A chance encounter with the late Sister of Charity of Nazareth Maureen Coughlin led Dr. Lisa Wieland to her role at Assumption High School 17 years ago. Wieland said she believes the “hand of God” guided her there.
Now she’s the recipient of the 2020 Father Joseph McGee Outstanding Catholic Educator Award. It was scheduled to be presented at the Salute to Catholic School Alumni Dinner March 18 at the Galt House Hotel in downtown Louisville, which has been canceled. The award, presented annually, is named for the late superintendent of Archdiocese of Louisville Catholic schools, Father Joseph M. McGee.
Wieland said that chance encounter with Sister Coughlin, who died in December, redirected her career and life. At the time, Wieland was teaching American Literature in the department of English at Spalding University. During a reorganization, she and a number of faculty members were laid off.
Sister Coughlin, herself a lauded educator, told Wieland she needed to apply to Assumption, saying: “You need them. They need you,” Wieland said.
She recalls answering, “But, sister, they do not have a job opening.”
Nevertheless, Wieland submitted her resume and to her surprise the school was in need of an English teacher.
Wieland said she sees the “hand of God” in the encounter with Sister Coughlin.
“God was leading me where I was meant to be,” she said.
Wieland earned a bachelor’s degree in English at Spring Hill College in Mobile, Ala. She went on to earn a master’s and a doctoral degree in English from Marquette University.
The Jesuit charism of both her alma maters, she said, shaped her identity and ultimately her teaching philosophy, particularly the notion of “cura personalis” — or care for the whole person.
“One reason I am truly happy here at Assumption is the (Sisters of) Mercy charism is so similar. I felt like it was a natural fit from where I was coming from,” she said.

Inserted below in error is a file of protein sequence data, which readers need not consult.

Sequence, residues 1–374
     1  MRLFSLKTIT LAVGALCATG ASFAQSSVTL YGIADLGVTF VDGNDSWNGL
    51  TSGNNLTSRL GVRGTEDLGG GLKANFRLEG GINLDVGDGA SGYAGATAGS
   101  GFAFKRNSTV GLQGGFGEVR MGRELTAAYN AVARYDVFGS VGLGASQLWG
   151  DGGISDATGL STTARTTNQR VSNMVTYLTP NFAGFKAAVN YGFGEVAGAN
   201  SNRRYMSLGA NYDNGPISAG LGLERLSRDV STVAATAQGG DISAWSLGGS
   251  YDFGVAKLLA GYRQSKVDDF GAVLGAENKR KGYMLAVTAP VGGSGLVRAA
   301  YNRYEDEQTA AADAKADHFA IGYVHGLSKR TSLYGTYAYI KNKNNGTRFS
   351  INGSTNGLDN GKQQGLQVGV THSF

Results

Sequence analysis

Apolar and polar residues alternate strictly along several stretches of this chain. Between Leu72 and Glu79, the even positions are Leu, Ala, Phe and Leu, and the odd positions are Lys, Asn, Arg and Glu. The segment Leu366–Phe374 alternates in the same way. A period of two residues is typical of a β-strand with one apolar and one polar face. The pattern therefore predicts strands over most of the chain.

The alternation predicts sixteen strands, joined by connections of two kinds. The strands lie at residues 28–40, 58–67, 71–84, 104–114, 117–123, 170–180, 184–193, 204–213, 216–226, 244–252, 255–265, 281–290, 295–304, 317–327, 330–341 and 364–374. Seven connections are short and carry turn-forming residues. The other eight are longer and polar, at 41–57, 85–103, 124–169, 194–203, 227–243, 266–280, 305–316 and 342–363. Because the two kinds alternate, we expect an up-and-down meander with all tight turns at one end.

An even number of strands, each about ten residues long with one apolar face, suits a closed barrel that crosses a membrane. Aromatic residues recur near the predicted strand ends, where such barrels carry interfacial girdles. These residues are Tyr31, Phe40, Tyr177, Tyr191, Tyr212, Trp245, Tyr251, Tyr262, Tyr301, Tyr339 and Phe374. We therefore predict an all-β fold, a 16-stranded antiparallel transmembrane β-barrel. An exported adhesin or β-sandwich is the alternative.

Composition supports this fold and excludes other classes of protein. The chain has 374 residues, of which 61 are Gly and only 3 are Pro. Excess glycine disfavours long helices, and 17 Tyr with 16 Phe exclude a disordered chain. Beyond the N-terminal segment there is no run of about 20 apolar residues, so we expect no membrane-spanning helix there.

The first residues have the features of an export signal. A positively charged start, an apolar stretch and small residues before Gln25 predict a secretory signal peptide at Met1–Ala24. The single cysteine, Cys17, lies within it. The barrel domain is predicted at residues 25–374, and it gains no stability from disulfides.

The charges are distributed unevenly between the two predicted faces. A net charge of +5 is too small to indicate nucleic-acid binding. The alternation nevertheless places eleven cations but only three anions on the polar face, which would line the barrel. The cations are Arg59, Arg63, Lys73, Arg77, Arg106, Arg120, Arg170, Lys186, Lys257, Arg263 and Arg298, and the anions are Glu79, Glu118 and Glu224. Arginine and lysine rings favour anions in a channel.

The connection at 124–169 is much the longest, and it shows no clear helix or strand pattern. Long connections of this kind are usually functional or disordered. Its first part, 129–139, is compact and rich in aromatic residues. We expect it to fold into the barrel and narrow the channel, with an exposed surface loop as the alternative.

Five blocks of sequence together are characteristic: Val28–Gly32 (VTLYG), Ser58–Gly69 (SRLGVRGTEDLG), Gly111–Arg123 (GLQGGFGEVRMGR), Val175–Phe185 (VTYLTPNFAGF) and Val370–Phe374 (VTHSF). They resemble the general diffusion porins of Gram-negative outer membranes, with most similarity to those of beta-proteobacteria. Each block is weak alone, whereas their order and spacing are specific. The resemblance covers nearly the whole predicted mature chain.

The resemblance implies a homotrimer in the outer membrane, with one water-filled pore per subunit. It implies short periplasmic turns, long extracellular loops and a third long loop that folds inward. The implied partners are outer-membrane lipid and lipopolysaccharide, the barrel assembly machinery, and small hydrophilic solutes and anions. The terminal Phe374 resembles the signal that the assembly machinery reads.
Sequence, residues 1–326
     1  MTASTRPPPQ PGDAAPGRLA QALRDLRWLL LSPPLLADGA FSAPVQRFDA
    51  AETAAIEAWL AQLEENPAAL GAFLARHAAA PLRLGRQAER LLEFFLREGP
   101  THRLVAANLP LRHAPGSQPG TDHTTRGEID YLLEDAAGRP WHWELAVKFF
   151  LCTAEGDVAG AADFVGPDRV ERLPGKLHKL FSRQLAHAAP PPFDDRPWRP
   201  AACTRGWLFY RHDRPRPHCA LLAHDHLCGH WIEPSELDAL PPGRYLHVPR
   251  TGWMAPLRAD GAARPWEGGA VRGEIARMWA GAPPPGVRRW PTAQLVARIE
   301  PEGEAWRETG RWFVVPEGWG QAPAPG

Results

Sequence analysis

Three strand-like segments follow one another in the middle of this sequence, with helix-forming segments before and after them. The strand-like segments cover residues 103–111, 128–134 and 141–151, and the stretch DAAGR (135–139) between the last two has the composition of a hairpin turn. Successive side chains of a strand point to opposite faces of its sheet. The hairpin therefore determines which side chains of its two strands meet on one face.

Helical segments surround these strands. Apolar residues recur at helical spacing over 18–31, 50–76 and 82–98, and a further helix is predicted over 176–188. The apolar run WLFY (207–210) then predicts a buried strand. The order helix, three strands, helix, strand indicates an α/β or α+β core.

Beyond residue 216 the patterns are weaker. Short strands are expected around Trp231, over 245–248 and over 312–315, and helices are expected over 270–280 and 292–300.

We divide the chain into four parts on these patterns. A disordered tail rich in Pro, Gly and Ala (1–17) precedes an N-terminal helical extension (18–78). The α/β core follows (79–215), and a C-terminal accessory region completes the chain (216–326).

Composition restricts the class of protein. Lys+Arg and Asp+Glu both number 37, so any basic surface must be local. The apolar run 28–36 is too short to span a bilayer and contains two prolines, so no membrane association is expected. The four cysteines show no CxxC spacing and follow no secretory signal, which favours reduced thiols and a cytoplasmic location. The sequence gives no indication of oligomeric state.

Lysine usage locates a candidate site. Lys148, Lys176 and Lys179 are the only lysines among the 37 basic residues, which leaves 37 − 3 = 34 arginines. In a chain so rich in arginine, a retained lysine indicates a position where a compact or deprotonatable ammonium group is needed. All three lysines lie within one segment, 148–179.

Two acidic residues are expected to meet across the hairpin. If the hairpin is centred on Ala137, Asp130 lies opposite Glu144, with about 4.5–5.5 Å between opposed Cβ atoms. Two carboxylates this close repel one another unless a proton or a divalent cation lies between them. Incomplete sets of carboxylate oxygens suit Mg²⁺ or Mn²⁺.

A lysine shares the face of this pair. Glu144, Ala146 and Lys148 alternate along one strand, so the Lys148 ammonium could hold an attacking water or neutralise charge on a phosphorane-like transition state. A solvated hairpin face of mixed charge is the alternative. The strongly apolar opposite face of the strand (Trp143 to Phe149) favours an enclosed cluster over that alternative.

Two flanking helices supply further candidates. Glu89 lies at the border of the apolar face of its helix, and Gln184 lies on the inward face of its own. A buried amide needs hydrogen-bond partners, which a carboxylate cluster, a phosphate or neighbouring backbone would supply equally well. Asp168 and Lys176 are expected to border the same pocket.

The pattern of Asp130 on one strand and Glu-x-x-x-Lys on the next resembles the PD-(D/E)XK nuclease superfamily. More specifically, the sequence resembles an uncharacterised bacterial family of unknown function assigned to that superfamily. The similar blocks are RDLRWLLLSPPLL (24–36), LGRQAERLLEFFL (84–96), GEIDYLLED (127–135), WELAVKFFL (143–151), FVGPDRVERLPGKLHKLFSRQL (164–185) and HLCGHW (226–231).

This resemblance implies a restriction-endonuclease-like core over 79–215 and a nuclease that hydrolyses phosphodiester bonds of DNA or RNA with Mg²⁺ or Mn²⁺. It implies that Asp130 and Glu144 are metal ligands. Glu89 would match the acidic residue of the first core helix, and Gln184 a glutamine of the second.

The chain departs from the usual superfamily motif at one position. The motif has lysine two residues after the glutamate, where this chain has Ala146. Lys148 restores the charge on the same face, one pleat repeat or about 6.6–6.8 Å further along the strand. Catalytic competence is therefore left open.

At Assumption, Wieland teaches dual-credit senior English classes, where students are eligible to earn up to six college credit hours in English 101 and Intro to College Writing.
She also coordinates the ARISE mission week program in partnership with the school’s campus minister. In addition, she moderates the Respect Life Club and senior retreat program.
Mary Lang, president of Assumption, said Wieland was nominated because she is an “exceptional” Catholic educator who “blends outstanding classroom instruction with deep commitment to her faith.”
“She has developed programs at Assumption that allow students to truly live the Gospel, and she ‘walks the talk’ by setting a great example of what Christian leadership looks like,” Lang said.
Something about teaching high school girls excites Wieland.
“I love their energy. I like the level of communication we can have. I get to help them get ready for the next step in their lives,” Wieland said. “They are in such a great place with all the possibilities ahead of them,” she said.
In addition to imparting her love of the written word, Wieland hopes to instill a passion for justice and to develop critical thinking skills in her students, she said.
“I want to help them find their voices and be able to advocate for themselves
and others,” she said.
She considers herself “tough but fair” in the classroom.
“Students probably consider me strict. I think I’m pretty straightforward. I set expectations high but I have a good rapport with them,” she said.
Even after nearly two decades as a high school English teacher, Wieland said she is reenergized at the start of each academic year.
“Every year is a new, fresh start. I’ve been allowed to grow and I’ve been supported. I’ve never considered doing anything else,” she said.
She is a parishioner of St. Francis of Assisi Church. She and her husband, John, have been married for 26 years and have two children: Leo, 21, and Lucy, 19.